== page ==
Use of ambient conditions and sawdust in storage of sweet potato(ipomoe batatas) in Kenya
Edward G, Karuri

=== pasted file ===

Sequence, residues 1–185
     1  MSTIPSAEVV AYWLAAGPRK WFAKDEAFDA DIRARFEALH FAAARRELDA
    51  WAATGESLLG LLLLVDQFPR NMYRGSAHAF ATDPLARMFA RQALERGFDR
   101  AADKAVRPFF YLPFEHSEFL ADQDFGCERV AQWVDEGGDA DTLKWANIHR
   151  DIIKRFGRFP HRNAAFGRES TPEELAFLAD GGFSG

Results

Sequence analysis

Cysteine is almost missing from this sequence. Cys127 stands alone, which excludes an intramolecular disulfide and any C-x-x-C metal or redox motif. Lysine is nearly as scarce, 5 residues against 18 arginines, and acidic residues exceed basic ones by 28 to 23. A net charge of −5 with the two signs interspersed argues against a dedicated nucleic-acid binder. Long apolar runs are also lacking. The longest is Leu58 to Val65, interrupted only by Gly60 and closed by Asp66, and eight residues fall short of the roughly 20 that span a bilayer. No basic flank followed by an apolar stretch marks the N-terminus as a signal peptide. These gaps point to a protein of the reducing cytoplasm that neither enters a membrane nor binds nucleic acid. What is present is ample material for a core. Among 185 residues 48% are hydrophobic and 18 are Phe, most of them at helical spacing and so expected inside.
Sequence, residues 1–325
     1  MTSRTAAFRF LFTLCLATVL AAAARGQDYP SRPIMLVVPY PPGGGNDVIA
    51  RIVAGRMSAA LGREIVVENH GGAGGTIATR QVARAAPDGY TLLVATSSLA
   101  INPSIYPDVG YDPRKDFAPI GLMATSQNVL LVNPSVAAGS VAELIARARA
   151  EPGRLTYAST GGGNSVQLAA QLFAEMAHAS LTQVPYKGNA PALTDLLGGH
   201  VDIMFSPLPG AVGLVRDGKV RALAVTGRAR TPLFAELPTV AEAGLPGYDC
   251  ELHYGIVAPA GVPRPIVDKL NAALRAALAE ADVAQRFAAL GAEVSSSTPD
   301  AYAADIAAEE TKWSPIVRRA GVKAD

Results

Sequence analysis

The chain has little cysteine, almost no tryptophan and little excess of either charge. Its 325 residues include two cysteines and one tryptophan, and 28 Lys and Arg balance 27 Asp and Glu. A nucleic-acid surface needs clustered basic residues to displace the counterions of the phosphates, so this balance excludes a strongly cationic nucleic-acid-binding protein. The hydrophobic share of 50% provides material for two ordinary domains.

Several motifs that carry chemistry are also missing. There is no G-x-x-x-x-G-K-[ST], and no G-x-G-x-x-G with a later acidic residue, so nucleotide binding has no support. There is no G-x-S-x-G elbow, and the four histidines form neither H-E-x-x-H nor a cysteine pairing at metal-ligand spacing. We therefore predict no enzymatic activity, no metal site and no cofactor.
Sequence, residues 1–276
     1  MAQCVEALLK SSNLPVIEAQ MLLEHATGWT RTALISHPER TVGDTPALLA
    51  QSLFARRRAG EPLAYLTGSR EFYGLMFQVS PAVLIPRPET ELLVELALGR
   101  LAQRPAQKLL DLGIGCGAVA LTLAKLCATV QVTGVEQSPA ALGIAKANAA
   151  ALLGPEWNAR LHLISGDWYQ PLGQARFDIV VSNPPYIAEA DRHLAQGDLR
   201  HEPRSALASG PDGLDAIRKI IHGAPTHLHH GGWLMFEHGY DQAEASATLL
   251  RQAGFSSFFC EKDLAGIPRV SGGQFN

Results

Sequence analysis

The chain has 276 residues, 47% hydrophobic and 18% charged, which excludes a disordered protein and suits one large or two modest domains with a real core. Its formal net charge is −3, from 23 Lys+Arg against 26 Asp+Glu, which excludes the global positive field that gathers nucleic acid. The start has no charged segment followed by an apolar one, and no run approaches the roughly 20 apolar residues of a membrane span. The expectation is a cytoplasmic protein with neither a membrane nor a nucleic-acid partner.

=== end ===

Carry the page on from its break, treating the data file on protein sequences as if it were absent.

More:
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Sweet potato root storability and post-harvest resistance to pests and diseases depend on varietal 1and storage conditions. However little is Known in regards to the storability of local Kenyan, sweetpotato cultivars after harvest. Storage experiments in ambient conditions and in sawdust using 31 sweetpotato clones were conducted in order to identify the most rustic local varieties under natural storage conditions and to take advantage or a nuturul tropical environment that resembles artificial conditions in swcetpotato storage. Visual examination of edible portions in stored roots showed that varieties KEMU 7. KEMU 9. KEMB 10. KEMB 20. KEMB24.KEMB37. KSP 20 and KSP 119 were acceptable and did not rot after live weeks of storage in ambient air conditions. Storage in sawdust permitted the storage or roots up to 14 weeks (100 days) for most varieties. Although stored-root edible portion and colour were acceptable or good. sprouting was noted for almost all varieties. Shrivelling for KSP-type sweetpotato roots was lower than the KEMB-type. Apparently, moisture loss is an important determinant nl storability and acceptability of roots and should, therefore, be minimized. These simple storage methods would extend the shelf life of the perishable sweetpotato for marketing and post-harvest processing, and also help to release land for alternative utilization after harvest.